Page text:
The students arrived at the Inova Medical Campus early, where they began the day with a healthy-heart pre-test as well as a lesson from the surgical nurse on healthy lifestyle choices that can help you avoid heart surgery. Then the heart surgeon arrived to explain how the day’s scheduled surgery was going to be performed.

Next, GWCS students entered the Dome, named as such for its location above the operating room and for its central windows which provide a view of the surgery a mere ten feet below. The surgical nurse remained in the Dome with the students over the course of the four-hour procedure to explain the surgery and answer questions (and there were a lot of questions!). She had with her a model of the human heart and surgical tools, all of which she encouraged the students to examine.  The surgeon continued to play the role of educator, too, pausing to reinforce points he made before the surgery, and even holding up a layer of fat that he removed from the patient’s heart for the students to see.

Inova Fieldtrip Group.jpg

Charlie, GWCS class of ’19, remarked, “When the heart stopped beating, it was so strange, yet interesting, how [the patient] was still alive due to the fact that he was hooked up to machines.” Elizabeth, another Junior, added that it was “fascinating how many people help out in the surgery.” For Sophomore Emma Grace, to see a heart stop and get revived was “definitely one of the coolest medical experiences one could witness.”

The day ended with a post-test for the students. The nurse and the surgeon again emphasized the importance of healthy lifestyles and good nutrition. Notably, the surgeon was vehement that the students should cut soda from their diets, since the sugar in soda creates fatty tissue which leads to heart problems. In all, the day was a roaring success that had students excited and talking for weeks afterward!

GW Community School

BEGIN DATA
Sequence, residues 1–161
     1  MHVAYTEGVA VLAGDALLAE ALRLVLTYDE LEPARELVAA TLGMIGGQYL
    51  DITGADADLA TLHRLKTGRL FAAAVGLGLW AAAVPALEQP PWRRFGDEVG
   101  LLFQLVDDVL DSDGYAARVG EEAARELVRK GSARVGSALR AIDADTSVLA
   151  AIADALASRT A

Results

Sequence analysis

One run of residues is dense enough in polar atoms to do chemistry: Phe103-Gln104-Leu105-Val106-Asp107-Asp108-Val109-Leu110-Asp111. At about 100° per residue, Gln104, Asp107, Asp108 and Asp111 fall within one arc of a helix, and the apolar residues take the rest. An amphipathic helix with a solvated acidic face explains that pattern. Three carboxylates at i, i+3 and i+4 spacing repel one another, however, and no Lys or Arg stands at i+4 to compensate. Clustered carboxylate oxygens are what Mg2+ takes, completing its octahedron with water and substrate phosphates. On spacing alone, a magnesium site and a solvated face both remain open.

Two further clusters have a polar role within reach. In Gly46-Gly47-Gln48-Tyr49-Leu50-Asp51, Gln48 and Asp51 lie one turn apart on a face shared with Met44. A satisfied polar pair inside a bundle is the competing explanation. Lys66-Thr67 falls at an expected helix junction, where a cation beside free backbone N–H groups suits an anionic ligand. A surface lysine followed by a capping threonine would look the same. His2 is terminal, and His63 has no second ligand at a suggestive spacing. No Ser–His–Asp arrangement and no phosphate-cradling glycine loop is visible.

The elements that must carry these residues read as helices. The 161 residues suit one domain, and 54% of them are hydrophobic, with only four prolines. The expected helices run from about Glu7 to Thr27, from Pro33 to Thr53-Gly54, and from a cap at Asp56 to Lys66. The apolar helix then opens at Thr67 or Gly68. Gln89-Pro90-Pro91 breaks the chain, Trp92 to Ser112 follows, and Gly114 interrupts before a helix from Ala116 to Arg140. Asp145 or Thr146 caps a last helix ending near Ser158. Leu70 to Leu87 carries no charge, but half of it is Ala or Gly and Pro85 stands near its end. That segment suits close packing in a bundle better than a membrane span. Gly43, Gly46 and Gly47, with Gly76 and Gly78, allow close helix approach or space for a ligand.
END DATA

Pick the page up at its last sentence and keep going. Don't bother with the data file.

The Dome Experience
Anatomy & Physiology Class Trip
Ms. Kohler, Science Teacher
October 15, 2018

Senior College Essay Writing Retreat

Photo Oct 10, 5 41 37 PM.jpg

Senior College Essay Writing Retreat

Like lemmings to the sea, GWCS seniors make a final, fateful fall pilgrimage…

Wait, wait, that’s not right. Not even close to correct.

We explained to the students in advance they had nothing to fear; we were very clear about this.  We said they might experience a bit of disorientation at first and would likely feel “different” afterwards – a lightening of the spirit, a peacefulness, a satori-like epiphany – but that those were normal, in fact predictable, reactions.  It’s true that there was a storm of biblical proportions, but that just added to the mystique, although it did douse the possibility of a campfire replete with ritual incantations and such.

Just to be clear, there were neither lemmings nor cliffs involved…

Rather, the senior class, Dr. G, Mr. Wallace, and Ms. Warden ventured to Lake Anna State Park October 10 – 12 for the annual Senior College Essay Writing Retreat.  And what did we do there? In addition to conversing, breaking bread together, and enjoying off-campus life, students drafted, edited, received guidance from the faculty writing team, revised, lathered, rinsed, and repeated their way to finished or nearly finished college admission essays. Pointless sentences were made pointy and dull passive voice was made active until students authentically expressed themselves and revealed their personalities and aspirations in coherent and compelling written form.

And it was fun, too.


GW Community School
Senior College Essay Writing Retreat
October 12, 2018
Dr. Garon, English

Coyotes Walk for Paws


On October 6th 2018, GW Community School participated, once again, in the Bully Paws: Walk for Paws 5K. It was a great event that supported homeless dogs and promoted breed awareness. Bully Paws was able to raise a substantial amount of money to save the lives of shelter dogs throughout the VA/DC/MD area. This walk would not have happened without the generosity and dedication of the families at GWCS.


GW Community School
Walk for Paws 5K
Mr. Connelly, History Teacher
October 6, 2018